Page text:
OAKMONT, PA. – Sunday at the U.S. Open was an illuminating day for golf.
First, and foremost, we learned that Dustin Johnson is not the star of some never-ending farce. He can break from the role for which he had been type-cast and play the dashing, victorious leading man.
And, while we were at it, we were reminded that the rules of golf exist as much to make itself feel morally superior as they do to actually keep the competition fair and balanced.
Had it not been for Johnson’s resoluteness down the stretch – as well as a lack of interest by the rest of the U.S. Open field in really pushing him – this major golf tournament had the potential to conclude as unsatisfactorily as “The Soprano’s.”
Did Dustin Johnson cause his ball to waver a mere millimeter on the green five holes into his final, championship round? He said no, and played on under the initial ruling that he was good.
But the United States Golf Association began looking into the fine print, and discovered that, basically, the player is always wrong. As the Fox Network crew broke down Johnson’s movements on the green in slow motion, painfully up-close detail, it could not be clearly determined that the player did anything to cause the ball to waffle. It certainly was obvious that Johnson gained not a micron of competitive advantage by the slight movement.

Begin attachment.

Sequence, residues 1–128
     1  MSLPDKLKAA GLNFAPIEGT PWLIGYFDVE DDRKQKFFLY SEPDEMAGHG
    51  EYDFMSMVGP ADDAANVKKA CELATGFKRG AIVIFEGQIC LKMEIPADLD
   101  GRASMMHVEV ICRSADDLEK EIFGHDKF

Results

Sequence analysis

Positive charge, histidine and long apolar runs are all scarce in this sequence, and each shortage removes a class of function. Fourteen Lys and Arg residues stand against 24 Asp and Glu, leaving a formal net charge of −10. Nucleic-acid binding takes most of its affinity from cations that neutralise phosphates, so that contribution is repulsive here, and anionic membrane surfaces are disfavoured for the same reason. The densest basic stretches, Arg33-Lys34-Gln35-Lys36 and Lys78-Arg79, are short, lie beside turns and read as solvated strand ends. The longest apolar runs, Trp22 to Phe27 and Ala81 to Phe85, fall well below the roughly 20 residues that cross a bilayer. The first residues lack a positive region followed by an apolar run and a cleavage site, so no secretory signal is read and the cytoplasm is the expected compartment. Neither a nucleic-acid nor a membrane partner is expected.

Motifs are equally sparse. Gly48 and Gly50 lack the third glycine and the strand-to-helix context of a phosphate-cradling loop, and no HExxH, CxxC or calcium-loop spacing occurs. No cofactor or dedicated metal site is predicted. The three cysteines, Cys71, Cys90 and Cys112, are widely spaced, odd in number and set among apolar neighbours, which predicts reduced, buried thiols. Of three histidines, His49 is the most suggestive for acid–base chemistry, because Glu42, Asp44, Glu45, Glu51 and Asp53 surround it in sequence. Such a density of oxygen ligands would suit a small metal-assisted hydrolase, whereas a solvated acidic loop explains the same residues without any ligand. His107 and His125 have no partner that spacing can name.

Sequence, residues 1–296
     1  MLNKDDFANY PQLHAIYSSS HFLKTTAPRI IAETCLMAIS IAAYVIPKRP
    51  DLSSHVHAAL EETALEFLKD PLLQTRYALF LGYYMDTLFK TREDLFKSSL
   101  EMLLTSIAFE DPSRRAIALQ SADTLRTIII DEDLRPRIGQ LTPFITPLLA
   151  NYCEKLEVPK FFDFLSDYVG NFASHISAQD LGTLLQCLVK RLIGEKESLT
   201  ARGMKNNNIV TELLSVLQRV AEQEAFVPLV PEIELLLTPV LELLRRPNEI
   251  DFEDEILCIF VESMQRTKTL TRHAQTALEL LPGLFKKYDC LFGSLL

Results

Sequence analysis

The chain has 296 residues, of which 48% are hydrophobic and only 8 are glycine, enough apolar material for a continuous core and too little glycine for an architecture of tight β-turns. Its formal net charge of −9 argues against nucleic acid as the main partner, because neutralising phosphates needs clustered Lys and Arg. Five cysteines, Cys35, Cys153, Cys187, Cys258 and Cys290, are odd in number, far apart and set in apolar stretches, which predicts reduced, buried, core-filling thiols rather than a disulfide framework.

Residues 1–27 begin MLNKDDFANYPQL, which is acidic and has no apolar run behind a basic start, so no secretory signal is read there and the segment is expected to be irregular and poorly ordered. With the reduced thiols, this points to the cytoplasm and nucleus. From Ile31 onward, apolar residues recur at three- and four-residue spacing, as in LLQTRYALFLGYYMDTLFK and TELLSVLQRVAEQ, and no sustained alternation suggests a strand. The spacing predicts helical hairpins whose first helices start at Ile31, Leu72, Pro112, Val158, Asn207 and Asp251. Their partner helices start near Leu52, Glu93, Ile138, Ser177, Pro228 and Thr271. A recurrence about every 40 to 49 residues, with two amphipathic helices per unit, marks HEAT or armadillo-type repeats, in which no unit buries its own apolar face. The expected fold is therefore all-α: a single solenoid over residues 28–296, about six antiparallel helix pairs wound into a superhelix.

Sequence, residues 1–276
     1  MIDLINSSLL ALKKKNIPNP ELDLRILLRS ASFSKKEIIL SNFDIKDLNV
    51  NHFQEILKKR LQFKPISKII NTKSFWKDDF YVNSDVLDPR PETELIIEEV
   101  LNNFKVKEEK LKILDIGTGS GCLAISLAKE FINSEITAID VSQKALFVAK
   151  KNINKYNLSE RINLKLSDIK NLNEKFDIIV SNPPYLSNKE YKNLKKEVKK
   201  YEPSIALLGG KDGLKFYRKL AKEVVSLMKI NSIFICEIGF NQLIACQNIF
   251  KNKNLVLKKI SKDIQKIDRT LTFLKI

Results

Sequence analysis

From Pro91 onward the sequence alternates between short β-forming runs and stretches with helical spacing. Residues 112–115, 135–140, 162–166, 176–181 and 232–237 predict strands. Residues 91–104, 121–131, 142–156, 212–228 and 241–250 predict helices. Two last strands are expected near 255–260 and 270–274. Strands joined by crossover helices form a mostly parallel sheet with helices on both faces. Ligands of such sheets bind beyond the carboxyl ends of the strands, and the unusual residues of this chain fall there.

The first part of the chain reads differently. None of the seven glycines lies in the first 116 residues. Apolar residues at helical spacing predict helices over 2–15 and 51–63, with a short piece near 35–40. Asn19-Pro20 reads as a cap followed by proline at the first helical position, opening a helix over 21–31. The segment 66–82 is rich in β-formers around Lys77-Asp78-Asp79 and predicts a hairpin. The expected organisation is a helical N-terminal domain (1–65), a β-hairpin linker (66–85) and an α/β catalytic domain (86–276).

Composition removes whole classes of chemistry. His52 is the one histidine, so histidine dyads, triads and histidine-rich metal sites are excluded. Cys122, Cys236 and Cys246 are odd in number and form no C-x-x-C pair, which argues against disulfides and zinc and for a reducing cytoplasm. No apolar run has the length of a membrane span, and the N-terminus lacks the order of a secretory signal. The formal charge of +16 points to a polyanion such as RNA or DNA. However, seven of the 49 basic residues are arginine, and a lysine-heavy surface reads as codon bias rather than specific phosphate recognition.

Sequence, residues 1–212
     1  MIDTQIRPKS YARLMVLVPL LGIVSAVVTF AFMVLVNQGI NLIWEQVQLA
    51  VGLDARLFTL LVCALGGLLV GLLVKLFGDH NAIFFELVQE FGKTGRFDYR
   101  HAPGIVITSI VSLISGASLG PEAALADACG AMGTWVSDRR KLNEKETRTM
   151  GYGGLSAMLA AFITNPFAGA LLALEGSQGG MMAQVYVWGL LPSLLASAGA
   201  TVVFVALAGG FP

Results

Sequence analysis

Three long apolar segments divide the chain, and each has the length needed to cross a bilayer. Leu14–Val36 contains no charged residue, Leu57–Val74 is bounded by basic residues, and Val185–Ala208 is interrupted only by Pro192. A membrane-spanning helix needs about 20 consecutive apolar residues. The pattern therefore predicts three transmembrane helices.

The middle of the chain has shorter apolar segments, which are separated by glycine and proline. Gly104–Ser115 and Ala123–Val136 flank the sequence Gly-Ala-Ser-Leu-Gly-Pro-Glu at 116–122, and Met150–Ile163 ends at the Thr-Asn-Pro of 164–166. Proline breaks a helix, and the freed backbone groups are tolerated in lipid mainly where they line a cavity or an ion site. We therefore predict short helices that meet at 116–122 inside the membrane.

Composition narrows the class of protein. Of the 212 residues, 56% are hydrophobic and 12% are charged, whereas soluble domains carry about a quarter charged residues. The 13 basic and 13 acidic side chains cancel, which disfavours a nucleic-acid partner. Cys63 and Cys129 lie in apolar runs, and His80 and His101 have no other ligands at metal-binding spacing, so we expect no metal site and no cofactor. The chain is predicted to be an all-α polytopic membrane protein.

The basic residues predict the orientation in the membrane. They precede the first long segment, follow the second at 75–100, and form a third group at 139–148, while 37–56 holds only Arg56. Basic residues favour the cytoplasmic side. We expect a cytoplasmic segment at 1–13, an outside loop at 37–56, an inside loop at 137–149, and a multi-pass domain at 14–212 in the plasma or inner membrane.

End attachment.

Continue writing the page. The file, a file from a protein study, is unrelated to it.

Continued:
Yet, it says right there in the rules: “If the weight of evidence indicates that it is more likely than not that the player caused the ball to move, even though that conclusion is not free from doubt, the player incurs a one-stroke penalty ...”
Here is where the USGA really choked, to use the same vile verb so often applied to Johnson in his other major tournament failures. Instead of assessing the penalty on the spot, it informed Johnson seven holes later that he might be facing the loss of a stroke. They’d talk about it at the end of the round.
Hey, can we get the Warriors and Cavs back on the floor now? LeBron James clearly goal-tended at the end of their Game 7 Sunday.
Watching from a distance, some of Johnson’s peers took to social media to make their case.
Tweeted Rory McIlroy: “This is ridiculous... No penalty whatsoever for DJ. Let the guy play without this crap in his head. Amateur hour from USGA.”
From Jordan Spieth: “Lemme get this straight.. DJ doesn't address it. It's ruled that he didn't cause it to move. Now you tell him he may have? Now? This a joke?”
Could have been a joke had Johnson not bailed out the stuffy rulers by performing so well under the cloud of their indecision. One stroke here or there didn't matter in the end.
Really, it worked out just great for everyone. Johnson got the result he deserved. And golf got to assess him a meaningless penalty and prove once more that it is the most self-righteous of the games we play.